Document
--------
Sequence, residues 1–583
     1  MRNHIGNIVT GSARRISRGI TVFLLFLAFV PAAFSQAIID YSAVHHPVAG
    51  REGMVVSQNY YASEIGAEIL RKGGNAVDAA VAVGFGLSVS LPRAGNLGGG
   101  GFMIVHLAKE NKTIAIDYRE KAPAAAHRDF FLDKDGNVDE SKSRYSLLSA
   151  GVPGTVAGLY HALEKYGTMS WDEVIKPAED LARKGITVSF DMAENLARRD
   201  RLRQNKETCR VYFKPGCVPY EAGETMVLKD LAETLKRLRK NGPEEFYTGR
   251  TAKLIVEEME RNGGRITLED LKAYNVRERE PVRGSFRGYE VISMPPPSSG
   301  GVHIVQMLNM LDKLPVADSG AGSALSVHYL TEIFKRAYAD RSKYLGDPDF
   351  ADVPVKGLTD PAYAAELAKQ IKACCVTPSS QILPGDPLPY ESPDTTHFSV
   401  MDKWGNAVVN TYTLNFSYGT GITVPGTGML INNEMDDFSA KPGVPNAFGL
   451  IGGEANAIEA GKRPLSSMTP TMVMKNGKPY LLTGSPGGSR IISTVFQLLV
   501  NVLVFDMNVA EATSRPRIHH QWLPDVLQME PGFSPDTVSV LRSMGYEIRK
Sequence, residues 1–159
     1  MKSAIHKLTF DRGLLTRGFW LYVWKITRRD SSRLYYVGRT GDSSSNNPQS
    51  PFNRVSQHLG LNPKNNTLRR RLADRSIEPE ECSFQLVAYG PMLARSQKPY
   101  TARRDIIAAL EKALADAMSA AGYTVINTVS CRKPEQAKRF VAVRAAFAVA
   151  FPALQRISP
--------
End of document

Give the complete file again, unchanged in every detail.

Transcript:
Sequence, residues 1–583
     1  MRNHIGNIVT GSARRISRGI TVFLLFLAFV PAAFSQAIID YSAVHHPVAG
    51  REGMVVSQNY YASEIGAEIL RKGGNAVDAA VAVGFGLSVS LPRAGNLGGG
   101  GFMIVHLAKE NKTIAIDYRE KAPAAAHRDF FLDKDGNVDE SKSRYSLLSA
   151  GVPGTVAGLY HALEKYGTMS WDEVIKPAED LARKGITVSF DMAENLARRD
   201  RLRQNKETCR VYFKPGCVPY EAGETMVLKD LAETLKRLRK NGPEEFYTGR
   251  TAKLIVEEME RNGGRITLED LKAYNVRERE PVRGSFRGYE VISMPPPSSG
   301  GVHIVQMLNM LDKLPVADSG AGSALSVHYL TEIFKRAYAD RSKYLGDPDF
   351  ADVPVKGLTD PAYAAELAKQ IKACCVTPSS QILPGDPLPY ESPDTTHFSV
   401  MDKWGNAVVN TYTLNFSYGT GITVPGTGML INNEMDDFSA KPGVPNAFGL
   451  IGGEANAIEA GKRPLSSMTP TMVMKNGKPY LLTGSPGGSR IISTVFQLLV
   501  NVLVFDMNVA EATSRPRIHH QWLPDVLQME PGFSPDTVSV LRSMGYEIRK
Sequence, residues 1–159
     1  MKSAIHKLTF DRGLLTRGFW LYVWKITRRD SSRLYYVGRT GDSSSNNPQS
    51  PFNRVSQHLG LNPKNNTLRR RLADRSIEPE ECSFQLVAYG PMLARSQKPY
   101  TARRDIIAAL EKALADAMSA AGYTVINTVS CRKPEQAKRF VAVRAAFAVA
   151  FPALQRISP